Even with 13 starts now to his name as the starting left tackle for the Pittsburgh Steelers, there are still question marks about third-year offensive lineman Kelvin Beachum, at least in regards to his potential as a franchise player.
His strength has not, and likely never will be, the running game—although left tackles rarely specialize in run blocking. While he is usually technically sound and is aware of his surroundings, he doesn’t often get much push.
Pass protection is a more passive, reactive blocking assignment, however, and Beachum has done well for the most part over his young career in this area. It’s certainly been his area of strength through two games this year, only giving up a few pressures and no sacks thus far.
Beachum worked primarily against Terrell Suggs in the last game, but the only true pressure was drawn by Elvis Dumervil, on a play that wound up not counting because of a roughing the passer call when Ben Roethlisberger was decleated on the third play of the game.
Beachum was more or less victimized on the play by Dumervil, even though he wasn’t ultimately responsible for giving up the sack, which came from a free rusher after the initial pressure.
But the left tackle allowed Dumervil to get his hands inside, and then was bull rushed back into the pocket. The only reason he was able to stop his backpedal is because he was pushed back into Roethlisberger and the linebacker became more interested in the quarterback.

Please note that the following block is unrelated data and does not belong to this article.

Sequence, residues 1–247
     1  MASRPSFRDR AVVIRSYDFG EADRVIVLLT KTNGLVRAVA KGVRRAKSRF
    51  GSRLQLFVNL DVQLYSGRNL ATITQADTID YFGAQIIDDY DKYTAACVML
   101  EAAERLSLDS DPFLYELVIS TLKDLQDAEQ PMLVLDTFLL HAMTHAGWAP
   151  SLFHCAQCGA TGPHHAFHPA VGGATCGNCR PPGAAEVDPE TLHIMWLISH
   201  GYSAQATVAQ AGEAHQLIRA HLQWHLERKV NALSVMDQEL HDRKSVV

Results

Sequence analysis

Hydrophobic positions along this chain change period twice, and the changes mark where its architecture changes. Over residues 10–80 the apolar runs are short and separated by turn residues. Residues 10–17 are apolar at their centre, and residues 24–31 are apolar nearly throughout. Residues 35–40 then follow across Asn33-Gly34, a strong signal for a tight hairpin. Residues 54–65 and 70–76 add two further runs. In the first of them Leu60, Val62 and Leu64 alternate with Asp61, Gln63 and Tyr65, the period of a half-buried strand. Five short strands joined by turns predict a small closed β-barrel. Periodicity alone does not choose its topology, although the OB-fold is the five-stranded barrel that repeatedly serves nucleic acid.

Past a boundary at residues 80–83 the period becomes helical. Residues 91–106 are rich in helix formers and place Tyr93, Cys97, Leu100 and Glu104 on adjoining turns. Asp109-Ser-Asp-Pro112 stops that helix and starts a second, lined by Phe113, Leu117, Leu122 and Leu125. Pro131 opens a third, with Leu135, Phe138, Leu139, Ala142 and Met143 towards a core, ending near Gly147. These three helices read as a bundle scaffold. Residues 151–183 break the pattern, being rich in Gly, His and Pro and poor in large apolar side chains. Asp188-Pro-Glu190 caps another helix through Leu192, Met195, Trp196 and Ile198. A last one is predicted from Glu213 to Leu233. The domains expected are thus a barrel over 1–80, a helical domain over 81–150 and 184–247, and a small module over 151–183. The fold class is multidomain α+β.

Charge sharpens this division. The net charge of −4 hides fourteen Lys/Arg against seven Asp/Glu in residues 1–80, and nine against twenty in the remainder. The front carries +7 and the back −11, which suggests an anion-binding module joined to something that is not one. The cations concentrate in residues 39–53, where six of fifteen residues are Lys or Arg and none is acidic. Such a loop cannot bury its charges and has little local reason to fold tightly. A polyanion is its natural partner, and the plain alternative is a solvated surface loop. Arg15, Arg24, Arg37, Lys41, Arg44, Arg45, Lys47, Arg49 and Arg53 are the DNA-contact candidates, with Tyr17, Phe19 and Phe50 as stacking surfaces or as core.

Beachum fared better against Suggs, the former Defensive Player of the Year, rushing off the left end. Exploding out of a wide stance, the linebacker forced Beachum to kickslide to match, and he did.
While Suggs was able to drive him back, Beachum worked him around the pocket under Roethlisberger scrambled to flip the ball to Le’Veon Bell. Of course, Suggs could see what Roethlisberger was doing, while Beachum could not, putting him at a disadvantage.
Later on in the same drive, Suggs kept his wide stance, but this time cut inside. While it initially caught Beachum off-base, he was ultimately able to recover just enough, as can be seen in this still, to buy Roethlisberger time to throw, even though it wound up going wide and incomplete.
The Steelers got one last crack at the ball at the end of the first half, but it got off to a slow start with this one-yard carry from Bell.
Beachum this time worked inside against backup right defensive end Pernell McPhee, who was able to use his reach to fend off Beachum as he worked down the line toward the running back, and was able to make the tackle, along with Suggs, who’d gotten by the pulling Ramon Foster.